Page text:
4.3.1 Cost of schooling accompanied with poverty: One factor that was readily mentioned by almost all parents and children interviewed was the cost of schooling. It was difficult for poor families to afford education. Even though primary education is compulsory and no fees are currently charged, there are still some hidden direct and indirect costs that inhibit families from sending their children to school. These include for example, uniforms, exercise books and food that most parents, especially those living in the rural areas, are unable to meet. The Majority of such parents live below the poverty line with failing to attain even their basic needs such as adequate food, and clean and safe water and health facilities let alone education. Therefore, some children are forced into child labour of one form or another and others have to assume the role of breadwinners/active income earners to meet their personal basic needs and get surplus to help in their families as can be seen from the following interview extract:

I am grateful to the COBET programme although I didn’t go far. I was born in a family of seven children. My mother went up to class four and my father up to class seven. However, they are currently separated. My father decided to move to a neighbouring village where he got married to another woman. He abandoned our mother together with us. He ceased to support us in any form. So we didn’t go to school. Our mother could not afford to pay for our school fees and other expenses. She was just a peasant and found the family of seven children just too big for a single parent. She worked so hard in the farm but what she earned was only enough for our survival. We had to engage ourselves in paid child labour to supplement the family income and that is how we got money to buy cloths. My brother went to Dar es Salaam where he is assisting our Aunt with petty business. I was also approached by many people to go to work as a house maid. However, I didn’t want to leave my mother alone. I realised that I was very skilled in hair plaiting and slowly I started charging a little money for that service. At least I could contribute something to the family income

I am the eldest child in a family of three children. My parents died when I was a young girl. We grew up under the care of our grandmother. I didn’t go to school because I had to assist my grandmother in agricultural activities and to take care of my two young brothers. After all, she didn’t have even money to get us uniforms and school expenses. The best she could do for us was to give us love and shelter...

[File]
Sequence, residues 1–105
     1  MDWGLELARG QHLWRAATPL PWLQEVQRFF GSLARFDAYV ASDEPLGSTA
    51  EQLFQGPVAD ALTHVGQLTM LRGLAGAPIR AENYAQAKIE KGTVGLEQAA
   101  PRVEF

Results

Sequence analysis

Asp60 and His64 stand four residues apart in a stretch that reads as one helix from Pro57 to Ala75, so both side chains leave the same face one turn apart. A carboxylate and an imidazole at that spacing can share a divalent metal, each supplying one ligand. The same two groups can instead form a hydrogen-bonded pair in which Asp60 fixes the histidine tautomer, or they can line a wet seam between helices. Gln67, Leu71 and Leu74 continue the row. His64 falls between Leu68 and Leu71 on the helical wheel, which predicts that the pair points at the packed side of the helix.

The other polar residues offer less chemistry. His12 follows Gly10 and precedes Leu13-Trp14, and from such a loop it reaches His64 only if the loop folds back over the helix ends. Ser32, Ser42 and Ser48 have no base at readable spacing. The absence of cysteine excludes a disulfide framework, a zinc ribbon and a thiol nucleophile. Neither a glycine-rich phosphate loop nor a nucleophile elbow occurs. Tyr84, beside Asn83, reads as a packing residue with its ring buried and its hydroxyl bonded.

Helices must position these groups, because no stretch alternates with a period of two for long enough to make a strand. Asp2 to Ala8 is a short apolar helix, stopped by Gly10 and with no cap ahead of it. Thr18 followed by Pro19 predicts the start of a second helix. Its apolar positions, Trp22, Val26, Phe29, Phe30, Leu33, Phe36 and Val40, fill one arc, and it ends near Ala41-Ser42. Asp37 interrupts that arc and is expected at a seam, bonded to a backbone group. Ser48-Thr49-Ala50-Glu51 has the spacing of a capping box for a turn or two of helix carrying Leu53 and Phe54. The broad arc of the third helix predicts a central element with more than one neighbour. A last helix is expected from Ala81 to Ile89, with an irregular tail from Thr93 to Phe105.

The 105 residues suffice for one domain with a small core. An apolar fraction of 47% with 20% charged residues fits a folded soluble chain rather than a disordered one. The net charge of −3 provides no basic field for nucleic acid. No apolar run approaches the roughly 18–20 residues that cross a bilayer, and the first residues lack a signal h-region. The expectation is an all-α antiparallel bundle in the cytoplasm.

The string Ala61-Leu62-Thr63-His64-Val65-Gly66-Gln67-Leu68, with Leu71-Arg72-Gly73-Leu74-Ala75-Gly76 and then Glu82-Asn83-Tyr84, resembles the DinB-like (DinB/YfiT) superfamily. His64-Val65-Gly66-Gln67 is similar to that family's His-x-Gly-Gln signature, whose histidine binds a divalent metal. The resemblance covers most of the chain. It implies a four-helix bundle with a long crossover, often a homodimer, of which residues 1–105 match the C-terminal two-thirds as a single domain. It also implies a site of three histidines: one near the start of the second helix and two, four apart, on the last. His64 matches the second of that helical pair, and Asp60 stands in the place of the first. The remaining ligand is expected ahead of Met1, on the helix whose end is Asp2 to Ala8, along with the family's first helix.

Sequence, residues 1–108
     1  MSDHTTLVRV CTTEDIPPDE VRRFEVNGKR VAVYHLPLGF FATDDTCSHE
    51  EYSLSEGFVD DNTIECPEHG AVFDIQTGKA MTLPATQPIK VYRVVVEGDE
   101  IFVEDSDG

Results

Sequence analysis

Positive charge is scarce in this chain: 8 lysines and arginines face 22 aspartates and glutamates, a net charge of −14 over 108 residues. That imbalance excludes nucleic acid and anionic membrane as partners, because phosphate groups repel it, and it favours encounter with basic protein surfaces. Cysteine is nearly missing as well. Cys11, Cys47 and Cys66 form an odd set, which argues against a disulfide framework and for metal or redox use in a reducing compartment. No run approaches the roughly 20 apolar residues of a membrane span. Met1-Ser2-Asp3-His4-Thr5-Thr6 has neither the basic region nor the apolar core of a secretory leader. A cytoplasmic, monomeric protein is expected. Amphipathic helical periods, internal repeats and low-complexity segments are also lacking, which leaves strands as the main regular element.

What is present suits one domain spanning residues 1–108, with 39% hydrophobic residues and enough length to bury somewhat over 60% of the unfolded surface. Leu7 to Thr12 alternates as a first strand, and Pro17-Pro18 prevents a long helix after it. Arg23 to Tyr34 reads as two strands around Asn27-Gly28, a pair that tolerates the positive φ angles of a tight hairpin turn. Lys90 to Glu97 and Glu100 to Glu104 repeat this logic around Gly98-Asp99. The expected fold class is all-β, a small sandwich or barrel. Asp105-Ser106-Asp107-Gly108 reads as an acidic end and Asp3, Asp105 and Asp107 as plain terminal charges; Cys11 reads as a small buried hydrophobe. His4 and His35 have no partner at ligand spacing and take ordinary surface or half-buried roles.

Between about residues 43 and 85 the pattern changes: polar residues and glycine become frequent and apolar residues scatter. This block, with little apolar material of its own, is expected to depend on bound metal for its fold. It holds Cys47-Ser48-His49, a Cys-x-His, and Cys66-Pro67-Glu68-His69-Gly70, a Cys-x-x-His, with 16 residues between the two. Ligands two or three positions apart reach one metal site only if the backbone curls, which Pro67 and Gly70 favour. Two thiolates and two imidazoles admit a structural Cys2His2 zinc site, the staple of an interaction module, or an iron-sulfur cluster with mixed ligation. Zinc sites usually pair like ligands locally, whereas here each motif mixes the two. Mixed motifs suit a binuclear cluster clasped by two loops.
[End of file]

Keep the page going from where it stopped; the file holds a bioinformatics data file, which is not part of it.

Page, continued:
4.3.2 Migration: Migration also plays a vital role in dropping out of school especially in Coastal areas because of marital problems (see also Bhalalusesa, 2008) and mobility for pastoral communities like in Monduli and Siha. Proper procedures that require a transfer certificate have to be followed for a child to move from one school to another. Since the procedures are usually cumbersome and time consuming, most parents, guardians and orphaned children are either ignorant about the procedures or do not have time to follow them through. Finally children end up dropping out from school. It was evident in this study that many children dropped out of school because they did not follow the proper procedures of getting permission before they traveled or moved from one place to another as can be reflected from an interview extract with one child in Ngara:

My parents were not staying together. I don’t remember when they got separated but I must have been very young. So I grew up with my mother and grandmother in a village. My mother used to travel a lot to buy some stuff from Zanzibar for selling in Ngara town and sometimes in the village. When I was in grade Four my mother fell sick and could no longer travel. After a long illness she finally died. Life changed tremendously. There wasn’t anybody to buy school uniform for me and my immediate young brother. My grandmother was really very old and needed help as well. One day I saw a man coming to see us and talk to our grandmother. I was later introduced that he was our father and he had come to pick us to go and stay with him. There wasn’t time for discussion. We were taken over by our father to another distant village where we had to stay with our step mother. When I reached there I tried to go to school but I had no documents to show that I was a school pupil somewhere and in which class. I was refused admission. My father did not bother to go back and get my transfer forms. He said I was just a girl and perhaps would end up like my mother…I despaired and accepted the situation until after two years when COBET was introduced in this village.